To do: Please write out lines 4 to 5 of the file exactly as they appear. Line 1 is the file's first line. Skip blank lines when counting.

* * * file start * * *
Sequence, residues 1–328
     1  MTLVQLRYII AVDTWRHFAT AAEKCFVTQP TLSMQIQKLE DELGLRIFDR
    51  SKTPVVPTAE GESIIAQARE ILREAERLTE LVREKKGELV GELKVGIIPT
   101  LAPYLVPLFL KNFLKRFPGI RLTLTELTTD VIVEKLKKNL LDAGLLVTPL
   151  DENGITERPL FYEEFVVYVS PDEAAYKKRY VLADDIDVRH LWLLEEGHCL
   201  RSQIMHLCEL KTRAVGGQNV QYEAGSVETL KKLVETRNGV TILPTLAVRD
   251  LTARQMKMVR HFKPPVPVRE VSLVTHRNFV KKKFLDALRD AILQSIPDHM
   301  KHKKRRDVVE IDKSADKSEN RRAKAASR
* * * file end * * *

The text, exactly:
   101  LAPYLVPLFL KNFLKRFPGI RLTLTELTTD VIVEKLKKNL LDAGLLVTPL
   151  DENGITERPL FYEEFVVYVS PDEAAYKKRY VLADDIDVRH LWLLEEGHCL